Chapter 8
Pesticides

Part 1
General Provisions

43-8-101. Short title.

This part and part 2 of this chapter shall be known and may be cited as the “Tennessee Insecticide, Fungicide, and Rodenticide Act.”

Acts 1951, ch. 150, § 1 (Williams, § 6808.7); T.C.A. (orig. ed.), § 43-701; Acts 1980, ch. 539, § 1.

Cross-References. Commercial aerial application of pesticides, title 43, ch. 8, part 3.

Federal Insecticide, Fungicide, and Rodenticide Act, 7 U.S.C. § 135 et seq.

Hazardous chemical right to know law, title 50, ch. 3, part 20.

Hazardous substances, title 68, ch. 131.

Hazardous waste management, title 68, ch. 212.

Pest control compact, title 43, ch. 6, part 3.

Pest control operators, regulation and licensing, title 62, ch. 21.

Law Reviews.

Torts — Products Liability — Cattle Killed by Weedicide, 24 Tenn. L. Rev. 1066.

Comparative Legislation. Insecticides, fungicides and rodenticides:

Ala.  Code § 2-27-1 et seq.

Ark.  Code § 2-16-401 et seq.

Ga. O.C.G.A. § 2-7-1 et seq.

Ky. Rev. Stat. Ann. § 217.541 et seq.

Miss.  Code Ann. § 69-23-1 et seq.

Mo. Rev. Stat. § 263.269 et seq.

N.C. Gen. Stat. § 143-434 et seq.

Va. Code § 3.1-249.27 et seq.

Collateral References. 61A Am. Jur. 2d Pollution Control § 293 et seq.

3 C.J.S. Agriculture § 95-100.

Liability of manufacturer or seller for injury caused by animal feed or medicines, crop sprays, fertilizers, insecticides, rodenticides, and similar products. 12 A.L.R.4th 462, 29 A.L.R.4th 1045.

Agriculture 1, 8, 9.

43-8-102. Part definitions.

As used in this part and part 2 of this chapter, unless the context otherwise requires:

  1. “Active ingredient” means:
    1. In the case of a pesticide other than a plant regulator, defoliant or desiccant, an ingredient that will prevent, destroy, repel or mitigate;
    2. In the case of a plant regulator, an ingredient that, through physiological action, will accelerate or retard the rate of growth or rate of maturation or otherwise alter the behavior of plant growth;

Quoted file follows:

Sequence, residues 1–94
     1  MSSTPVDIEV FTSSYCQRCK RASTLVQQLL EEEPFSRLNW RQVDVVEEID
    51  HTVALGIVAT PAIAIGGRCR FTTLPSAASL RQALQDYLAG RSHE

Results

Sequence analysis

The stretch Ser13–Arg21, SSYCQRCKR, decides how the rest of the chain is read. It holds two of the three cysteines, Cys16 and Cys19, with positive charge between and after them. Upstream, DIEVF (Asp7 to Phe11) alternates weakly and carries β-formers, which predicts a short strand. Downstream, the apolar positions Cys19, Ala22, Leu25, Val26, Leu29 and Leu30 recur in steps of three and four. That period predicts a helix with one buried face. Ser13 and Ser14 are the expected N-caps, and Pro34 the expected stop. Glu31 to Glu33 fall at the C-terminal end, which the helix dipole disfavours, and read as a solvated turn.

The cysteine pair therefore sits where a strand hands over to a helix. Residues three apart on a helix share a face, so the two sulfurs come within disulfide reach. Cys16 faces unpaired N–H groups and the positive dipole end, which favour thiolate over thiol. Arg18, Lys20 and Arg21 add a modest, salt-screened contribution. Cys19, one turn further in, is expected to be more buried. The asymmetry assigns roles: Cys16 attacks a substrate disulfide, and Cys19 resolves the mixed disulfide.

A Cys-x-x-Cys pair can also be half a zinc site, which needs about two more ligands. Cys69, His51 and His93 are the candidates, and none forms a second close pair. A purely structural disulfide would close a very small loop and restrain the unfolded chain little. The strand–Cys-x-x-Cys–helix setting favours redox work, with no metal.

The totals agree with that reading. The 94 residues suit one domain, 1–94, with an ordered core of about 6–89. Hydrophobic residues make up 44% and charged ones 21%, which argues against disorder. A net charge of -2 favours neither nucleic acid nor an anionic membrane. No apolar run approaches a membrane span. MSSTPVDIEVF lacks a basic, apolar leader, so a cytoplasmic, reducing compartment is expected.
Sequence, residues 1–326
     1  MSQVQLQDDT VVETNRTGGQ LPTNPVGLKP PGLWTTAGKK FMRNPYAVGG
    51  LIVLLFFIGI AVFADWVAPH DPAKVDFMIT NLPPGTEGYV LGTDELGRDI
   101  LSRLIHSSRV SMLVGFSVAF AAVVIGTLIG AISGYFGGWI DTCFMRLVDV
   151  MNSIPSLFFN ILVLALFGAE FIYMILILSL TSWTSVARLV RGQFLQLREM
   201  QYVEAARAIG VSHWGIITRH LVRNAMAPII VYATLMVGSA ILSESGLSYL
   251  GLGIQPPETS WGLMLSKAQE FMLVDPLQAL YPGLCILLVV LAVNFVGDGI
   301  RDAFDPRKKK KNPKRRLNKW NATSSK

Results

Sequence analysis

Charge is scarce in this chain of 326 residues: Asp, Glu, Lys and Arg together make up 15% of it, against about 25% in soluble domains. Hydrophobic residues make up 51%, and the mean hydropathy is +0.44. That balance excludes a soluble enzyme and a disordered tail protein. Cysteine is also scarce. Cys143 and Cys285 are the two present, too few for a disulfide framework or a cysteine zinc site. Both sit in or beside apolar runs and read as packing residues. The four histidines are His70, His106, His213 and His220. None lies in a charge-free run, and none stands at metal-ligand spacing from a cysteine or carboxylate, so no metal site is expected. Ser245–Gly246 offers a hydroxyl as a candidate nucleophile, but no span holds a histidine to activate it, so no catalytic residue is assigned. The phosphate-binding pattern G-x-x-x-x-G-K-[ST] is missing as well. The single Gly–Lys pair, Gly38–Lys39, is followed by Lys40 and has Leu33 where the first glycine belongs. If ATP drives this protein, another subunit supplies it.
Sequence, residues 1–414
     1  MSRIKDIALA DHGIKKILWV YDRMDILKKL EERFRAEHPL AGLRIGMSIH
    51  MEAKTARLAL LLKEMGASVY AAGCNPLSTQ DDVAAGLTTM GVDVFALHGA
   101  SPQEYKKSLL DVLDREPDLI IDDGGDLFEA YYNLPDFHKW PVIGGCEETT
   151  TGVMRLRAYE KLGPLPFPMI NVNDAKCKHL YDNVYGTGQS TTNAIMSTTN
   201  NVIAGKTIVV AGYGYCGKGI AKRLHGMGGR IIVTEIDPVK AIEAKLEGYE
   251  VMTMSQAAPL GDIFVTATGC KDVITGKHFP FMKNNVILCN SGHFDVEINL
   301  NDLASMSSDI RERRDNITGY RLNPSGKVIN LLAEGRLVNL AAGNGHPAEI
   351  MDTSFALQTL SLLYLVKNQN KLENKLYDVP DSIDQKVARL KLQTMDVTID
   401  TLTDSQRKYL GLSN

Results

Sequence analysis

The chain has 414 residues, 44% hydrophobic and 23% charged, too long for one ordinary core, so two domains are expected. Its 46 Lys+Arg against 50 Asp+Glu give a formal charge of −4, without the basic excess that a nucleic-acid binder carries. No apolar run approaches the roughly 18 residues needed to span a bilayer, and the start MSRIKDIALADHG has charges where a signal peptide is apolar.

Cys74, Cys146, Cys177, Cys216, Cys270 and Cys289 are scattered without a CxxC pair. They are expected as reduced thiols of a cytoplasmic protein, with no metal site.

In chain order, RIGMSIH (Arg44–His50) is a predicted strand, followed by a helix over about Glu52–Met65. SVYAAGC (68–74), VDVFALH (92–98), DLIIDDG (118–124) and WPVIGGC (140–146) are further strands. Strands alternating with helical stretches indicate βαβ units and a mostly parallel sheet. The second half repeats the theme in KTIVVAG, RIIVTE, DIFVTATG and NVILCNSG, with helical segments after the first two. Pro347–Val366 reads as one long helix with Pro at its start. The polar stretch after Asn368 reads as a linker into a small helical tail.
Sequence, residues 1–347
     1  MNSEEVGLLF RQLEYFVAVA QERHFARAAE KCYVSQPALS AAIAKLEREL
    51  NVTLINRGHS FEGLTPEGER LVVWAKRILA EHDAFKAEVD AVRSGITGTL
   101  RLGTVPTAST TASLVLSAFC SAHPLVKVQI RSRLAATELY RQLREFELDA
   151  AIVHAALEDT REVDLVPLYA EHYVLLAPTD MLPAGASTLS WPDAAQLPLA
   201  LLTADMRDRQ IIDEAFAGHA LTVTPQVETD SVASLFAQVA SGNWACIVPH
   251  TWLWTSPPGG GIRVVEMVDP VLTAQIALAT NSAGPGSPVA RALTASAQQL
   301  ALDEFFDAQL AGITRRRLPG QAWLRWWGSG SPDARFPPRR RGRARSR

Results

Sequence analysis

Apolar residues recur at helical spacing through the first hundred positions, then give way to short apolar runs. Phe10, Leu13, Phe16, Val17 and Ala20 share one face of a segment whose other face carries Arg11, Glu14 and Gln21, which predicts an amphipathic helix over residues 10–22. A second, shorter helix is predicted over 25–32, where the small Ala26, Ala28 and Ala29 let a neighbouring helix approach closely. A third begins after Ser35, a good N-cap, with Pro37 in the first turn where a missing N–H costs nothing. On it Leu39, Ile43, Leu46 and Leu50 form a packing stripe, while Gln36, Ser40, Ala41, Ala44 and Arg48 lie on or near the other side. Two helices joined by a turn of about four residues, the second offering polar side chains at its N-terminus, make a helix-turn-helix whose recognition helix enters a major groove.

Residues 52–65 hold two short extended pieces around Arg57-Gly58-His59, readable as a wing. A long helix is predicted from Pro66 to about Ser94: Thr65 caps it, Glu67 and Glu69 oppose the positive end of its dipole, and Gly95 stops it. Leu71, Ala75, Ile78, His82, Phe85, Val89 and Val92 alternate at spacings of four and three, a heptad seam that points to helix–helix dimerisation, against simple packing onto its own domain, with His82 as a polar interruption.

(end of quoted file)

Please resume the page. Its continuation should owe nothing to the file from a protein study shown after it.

3. In the case of a defoliant, an ingredient that will cause the leaves or foliage to drop from a plant;
    4. In the case of a desiccant, an ingredient that will artificially accelerate the drying of plant tissue; and
    5. In the case of a spray adjuvant, any ingredient that will act as a functioning agent;
  2. “Adjuvant” means any substance that, when added to a pesticide, is intended to aid, modify or enhance its effectiveness by its properties of serving as a wetting agent, detergent, spreading agent, synergist, deposit builder, adhesive, surfactant, emulsifying agent, deflocculating agent, water modifier, or similar agent, with or without toxic properties of its own, and when sold in a package or container separate from that of the pesticide with which it is to be used;
  3. “Adulterated” means a condition wherein strength or purity of a pesticide falls below the professed standard of quality as expressed on labeling under which it is sold, or if any substance has been substituted wholly or in part for the pesticide, or if any valuable constituent thereof has been wholly or in part abstracted;
  4. “Antidote” means the most practical immediate treatment in case of poisoning and includes first aid treatment;
  5. “Commissioner” means the commissioner of agriculture;
  6. “Inert ingredient” means an ingredient that is not an active ingredient;
  7. “Ingredient statement” means a statement of the name and percentage of each active ingredient, together with the total percentage of all inert ingredients in the pesticide;
  8. “Label” means the written, printed or graphic matter on or attached to a pesticide, or the immediate container thereof and the outside container or wrapper of the retail package, if any there be, of the pesticide;
  9. “Labeling” means all labels and other written, printed or graphic matter:
    1. Upon the pesticide or any of its containers or wrappers;
    2. Accompanying the pesticide at any time; or
    3. To which reference is made on the label or literature accompanying the pesticide, except when accurate, non-misleading reference is made to current official publications of the state experiment station, the state institute of agriculture, the Tennessee department of agriculture, the department of environment and conservation, or similar federal institutions or other official agencies of this state or other states when such agencies are authorized by law to conduct research in the field of pesticides;
  10. “Misbranded” means a condition as to a pesticide, wherein:
    1. Its labeling bears any statement, design or graphic representation relative to the pesticide, or to its ingredients, that is false or misleading in any particular;
    2. It is an imitation of or is offered for sale under the name of another pesticide;
    3. Advertisement by any means is misleading in any particular;
    4. The labeling accompanying the pesticide does not contain directions for use that are necessary and when complied with would be adequate to protect health and the environment;
    5. The label does not bear an ingredient statement that is displayed on the outside of the immediate container and cannot be easily read as the container is presented or displayed under customary conditions of purchase;